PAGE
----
Sunday Times (Johannesburg)
September 22, 2002
The corruption honeymoon in Southern Africa is over, top officials in Lesotho warned this week, urging foreign companies doing business here to clean up their business practices.
Their comments followed a landmark decision by the Maseru High Court ruling that an agent of Canadian-based engineering firm Acres International had bribed the former chief executive of the Lesotho Highlands Water Project with the full knowledge of the company. Sentence is to be passed on October 7, but Acres has already indicated its intention to appeal.
Company officials pleaded guilty to the two charges, involving more than R5-million, and said they had acted “in good faith and retained a highly regarded Lesotho engineer as [the company’s] independent local representative “. Without Acres’ knowledge he had “secretly paid part of his fee” to water project director Masupha Sole.
The two officials’ version of events was specifically rejected by newly appointed Chief Justice Mahapela Lehohla, who found the company’s credibility had been “left in tatters” by the case. Sole has since been sentenced to 18 years in jail for charges related to accepting bribes from a number of firms, several of which are now being tried for corruption.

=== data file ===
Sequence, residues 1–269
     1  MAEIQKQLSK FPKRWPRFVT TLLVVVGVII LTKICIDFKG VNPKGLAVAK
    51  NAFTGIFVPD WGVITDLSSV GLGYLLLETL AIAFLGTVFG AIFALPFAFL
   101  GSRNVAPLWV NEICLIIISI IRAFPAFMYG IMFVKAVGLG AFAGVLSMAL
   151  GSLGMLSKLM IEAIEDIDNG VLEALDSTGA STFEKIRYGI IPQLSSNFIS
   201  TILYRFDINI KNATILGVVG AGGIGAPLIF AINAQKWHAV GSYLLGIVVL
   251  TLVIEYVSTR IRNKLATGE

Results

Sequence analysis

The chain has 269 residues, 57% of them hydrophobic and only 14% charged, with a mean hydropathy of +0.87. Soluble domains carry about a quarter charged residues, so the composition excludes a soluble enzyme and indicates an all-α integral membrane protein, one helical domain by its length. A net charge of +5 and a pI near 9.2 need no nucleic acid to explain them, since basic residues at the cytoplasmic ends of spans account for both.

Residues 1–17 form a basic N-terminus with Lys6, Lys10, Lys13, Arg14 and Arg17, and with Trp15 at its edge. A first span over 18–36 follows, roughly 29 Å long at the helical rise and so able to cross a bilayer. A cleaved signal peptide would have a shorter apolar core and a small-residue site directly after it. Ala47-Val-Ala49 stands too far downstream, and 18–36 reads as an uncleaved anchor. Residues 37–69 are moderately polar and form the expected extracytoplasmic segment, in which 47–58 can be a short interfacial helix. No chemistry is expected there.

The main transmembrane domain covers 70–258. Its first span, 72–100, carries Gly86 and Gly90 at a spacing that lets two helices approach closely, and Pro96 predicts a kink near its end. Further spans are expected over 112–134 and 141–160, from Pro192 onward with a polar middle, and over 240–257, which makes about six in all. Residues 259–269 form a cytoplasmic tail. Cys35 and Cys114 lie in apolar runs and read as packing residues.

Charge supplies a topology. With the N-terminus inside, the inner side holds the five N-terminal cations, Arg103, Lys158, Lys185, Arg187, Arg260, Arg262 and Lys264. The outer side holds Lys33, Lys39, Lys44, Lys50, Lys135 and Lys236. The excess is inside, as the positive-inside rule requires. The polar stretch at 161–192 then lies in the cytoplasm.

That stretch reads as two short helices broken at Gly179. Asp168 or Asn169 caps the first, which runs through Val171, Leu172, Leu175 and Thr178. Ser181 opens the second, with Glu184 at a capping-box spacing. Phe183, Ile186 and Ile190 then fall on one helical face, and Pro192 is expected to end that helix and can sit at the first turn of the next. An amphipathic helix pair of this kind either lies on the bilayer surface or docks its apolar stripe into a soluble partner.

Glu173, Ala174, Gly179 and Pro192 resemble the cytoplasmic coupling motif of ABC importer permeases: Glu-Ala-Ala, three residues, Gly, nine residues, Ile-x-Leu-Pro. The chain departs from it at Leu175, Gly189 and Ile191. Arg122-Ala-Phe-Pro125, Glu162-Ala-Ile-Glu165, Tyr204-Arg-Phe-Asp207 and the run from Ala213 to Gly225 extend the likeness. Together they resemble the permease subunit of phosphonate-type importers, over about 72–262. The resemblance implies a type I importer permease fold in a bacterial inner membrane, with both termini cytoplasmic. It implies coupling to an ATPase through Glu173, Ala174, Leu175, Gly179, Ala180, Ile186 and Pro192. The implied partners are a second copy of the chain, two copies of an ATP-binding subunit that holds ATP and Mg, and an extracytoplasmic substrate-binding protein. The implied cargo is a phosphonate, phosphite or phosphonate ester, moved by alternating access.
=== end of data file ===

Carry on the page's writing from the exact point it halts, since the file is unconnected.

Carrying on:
Reacting to the Acres judgment, Lesotho’s Minister of Natural Resources, Monyane Moleleki, said it was often assumed that corruption thrived in the Third World and that it was a particularly “African” problem. “This case shows such a perception is incorrect. It takes two to tango . . . The case should show the rest of the world Lesotho had to be taken seriously “by its friends in the First World” and that “we can do business with integrity and decency”.
South Africa’s Minister of Water Affairs and Forestry, Ronnie Kasrils, said the outcome of the case demonstrated that “much of the corruption with which Africa is so often associated is actually a contagion from the rich world”.
Categories: Africa, Lesotho, Odious Debts
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